TY - GEN

T1 - An automatic motion planning system for a convex polygonal mobile robot in 2-D polygonal space

AU - Kedem, Klara

AU - Sharir, Micha

N1 - Funding Information:
Work on this paper has been supported by Office of Naval Research Grant N00014-82-K-0381N,a tionalScience Foundation Grant No. NSF-DCR-83-20085,a nd by grants from the Digital EquipmentC orporationa, nd the IBM Corporation.
Publisher Copyright:
© 1988 ACM.

PY - 1988/1/6

Y1 - 1988/1/6

N2 - We present an automatic system for planning the (translational and rotational) collision-free motion of a convex polygonal body B in two-dimensional space bounded by a collection of polygonal obstacles. The system consists of a (combinatorial, non-heuristic) motion planning algorithm, based on sophisticated algorithmic and combinatorial techniques in computational geometry, and is implemented on a Cartesian robot system equipped with a 2-D vision system. Our algorithm runs in the worst-case in time O(knλ6(kn) log kn), where k is the number of sides of B, n is the total number of obstacle edges, and λ6(r) is the (nearly-linear) maximum length of an (r, 6) Davenport Schinzel sequence. Our implemented system provides an "intelligent" robot that, using its attached vision system, can acquire a geometric description of the robot and its polygonal environment, and then, given a high-level motion command from the user, can plan a collision-free path (if one exists), and then go ahead and execute that motion.

AB - We present an automatic system for planning the (translational and rotational) collision-free motion of a convex polygonal body B in two-dimensional space bounded by a collection of polygonal obstacles. The system consists of a (combinatorial, non-heuristic) motion planning algorithm, based on sophisticated algorithmic and combinatorial techniques in computational geometry, and is implemented on a Cartesian robot system equipped with a 2-D vision system. Our algorithm runs in the worst-case in time O(knλ6(kn) log kn), where k is the number of sides of B, n is the total number of obstacle edges, and λ6(r) is the (nearly-linear) maximum length of an (r, 6) Davenport Schinzel sequence. Our implemented system provides an "intelligent" robot that, using its attached vision system, can acquire a geometric description of the robot and its polygonal environment, and then, given a high-level motion command from the user, can plan a collision-free path (if one exists), and then go ahead and execute that motion.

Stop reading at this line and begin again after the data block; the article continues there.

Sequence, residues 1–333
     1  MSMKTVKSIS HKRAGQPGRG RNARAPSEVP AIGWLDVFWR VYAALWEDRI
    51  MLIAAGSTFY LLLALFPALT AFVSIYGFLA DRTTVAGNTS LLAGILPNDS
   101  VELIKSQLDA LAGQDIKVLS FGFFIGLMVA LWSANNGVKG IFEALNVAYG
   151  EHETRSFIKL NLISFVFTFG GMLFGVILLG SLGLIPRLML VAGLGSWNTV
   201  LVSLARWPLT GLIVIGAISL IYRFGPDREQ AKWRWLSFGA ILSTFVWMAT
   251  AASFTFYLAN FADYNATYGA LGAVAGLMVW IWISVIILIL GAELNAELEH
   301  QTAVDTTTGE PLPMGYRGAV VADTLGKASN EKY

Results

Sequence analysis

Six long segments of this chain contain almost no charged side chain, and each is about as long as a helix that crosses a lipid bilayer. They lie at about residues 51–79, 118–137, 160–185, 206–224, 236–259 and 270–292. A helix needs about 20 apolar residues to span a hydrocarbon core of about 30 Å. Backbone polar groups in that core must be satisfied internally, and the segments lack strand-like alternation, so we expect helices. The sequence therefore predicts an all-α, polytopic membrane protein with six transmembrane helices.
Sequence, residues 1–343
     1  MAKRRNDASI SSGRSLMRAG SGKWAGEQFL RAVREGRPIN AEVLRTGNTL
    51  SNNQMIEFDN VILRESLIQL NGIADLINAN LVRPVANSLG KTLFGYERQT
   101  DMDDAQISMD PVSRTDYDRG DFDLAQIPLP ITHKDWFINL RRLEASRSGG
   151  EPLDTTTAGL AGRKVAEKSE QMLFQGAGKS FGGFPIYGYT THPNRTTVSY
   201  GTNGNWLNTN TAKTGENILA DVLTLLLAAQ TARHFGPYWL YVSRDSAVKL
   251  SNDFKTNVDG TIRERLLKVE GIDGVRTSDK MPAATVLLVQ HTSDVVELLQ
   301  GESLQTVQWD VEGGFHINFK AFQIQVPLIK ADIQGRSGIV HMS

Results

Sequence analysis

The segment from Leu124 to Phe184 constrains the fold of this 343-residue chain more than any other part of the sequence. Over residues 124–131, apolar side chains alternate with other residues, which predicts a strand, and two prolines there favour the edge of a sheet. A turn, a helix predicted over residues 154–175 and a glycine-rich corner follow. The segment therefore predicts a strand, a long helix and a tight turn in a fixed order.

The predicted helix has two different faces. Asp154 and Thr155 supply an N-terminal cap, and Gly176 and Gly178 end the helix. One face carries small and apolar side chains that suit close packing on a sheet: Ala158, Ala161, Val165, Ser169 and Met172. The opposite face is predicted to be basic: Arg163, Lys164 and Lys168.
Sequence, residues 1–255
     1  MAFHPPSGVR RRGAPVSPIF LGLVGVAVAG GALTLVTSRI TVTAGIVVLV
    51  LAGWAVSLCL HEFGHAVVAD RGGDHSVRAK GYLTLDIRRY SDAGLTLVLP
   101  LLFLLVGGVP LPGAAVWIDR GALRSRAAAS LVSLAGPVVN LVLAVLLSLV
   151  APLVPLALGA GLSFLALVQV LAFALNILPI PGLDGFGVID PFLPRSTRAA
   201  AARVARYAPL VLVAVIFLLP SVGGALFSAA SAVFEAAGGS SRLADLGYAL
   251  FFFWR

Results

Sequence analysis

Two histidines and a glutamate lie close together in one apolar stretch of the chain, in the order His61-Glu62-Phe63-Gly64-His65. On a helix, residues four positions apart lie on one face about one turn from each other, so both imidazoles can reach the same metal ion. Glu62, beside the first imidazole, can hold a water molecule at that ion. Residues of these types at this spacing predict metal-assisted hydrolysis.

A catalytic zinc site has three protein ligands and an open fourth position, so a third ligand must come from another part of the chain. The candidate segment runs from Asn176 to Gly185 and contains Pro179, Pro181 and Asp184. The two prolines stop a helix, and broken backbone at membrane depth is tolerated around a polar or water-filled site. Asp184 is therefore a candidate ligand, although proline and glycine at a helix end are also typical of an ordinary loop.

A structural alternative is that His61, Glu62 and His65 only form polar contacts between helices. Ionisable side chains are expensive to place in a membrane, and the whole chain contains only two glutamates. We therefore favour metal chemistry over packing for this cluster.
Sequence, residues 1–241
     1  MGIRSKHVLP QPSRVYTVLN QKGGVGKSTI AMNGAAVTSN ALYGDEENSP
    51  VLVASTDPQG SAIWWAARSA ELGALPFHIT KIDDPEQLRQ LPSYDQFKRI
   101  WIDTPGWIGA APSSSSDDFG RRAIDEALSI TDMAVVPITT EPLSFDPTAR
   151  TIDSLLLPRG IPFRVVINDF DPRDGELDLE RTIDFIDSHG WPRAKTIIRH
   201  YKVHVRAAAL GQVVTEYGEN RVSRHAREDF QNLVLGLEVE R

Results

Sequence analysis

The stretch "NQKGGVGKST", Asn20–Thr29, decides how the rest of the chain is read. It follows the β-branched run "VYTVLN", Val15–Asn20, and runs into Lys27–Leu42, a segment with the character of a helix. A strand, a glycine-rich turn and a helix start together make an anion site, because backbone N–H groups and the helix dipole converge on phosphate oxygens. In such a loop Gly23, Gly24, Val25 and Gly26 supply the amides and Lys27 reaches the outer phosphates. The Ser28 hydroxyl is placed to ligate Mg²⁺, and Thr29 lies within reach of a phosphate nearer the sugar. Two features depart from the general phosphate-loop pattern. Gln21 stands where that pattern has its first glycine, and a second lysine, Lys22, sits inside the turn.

UR - http://www.scopus.com/inward/record.url?scp=57249100072&partnerID=8YFLogxK

U2 - 10.1145/73393.73427

DO - 10.1145/73393.73427

M3 - Conference contribution

AN - SCOPUS:57249100072

T3 - Proceedings of the 4th Annual Symposium on Computational Geometry, SCG 1988

SP - 329

EP - 340

BT - Proceedings of the 4th Annual Symposium on Computational Geometry, SCG 1988

PB - Association for Computing Machinery, Inc

T2 - 4th Annual Symposium on Computational Geometry, SCG 1988

Y2 - 6 June 1988 through 8 June 1988

ER -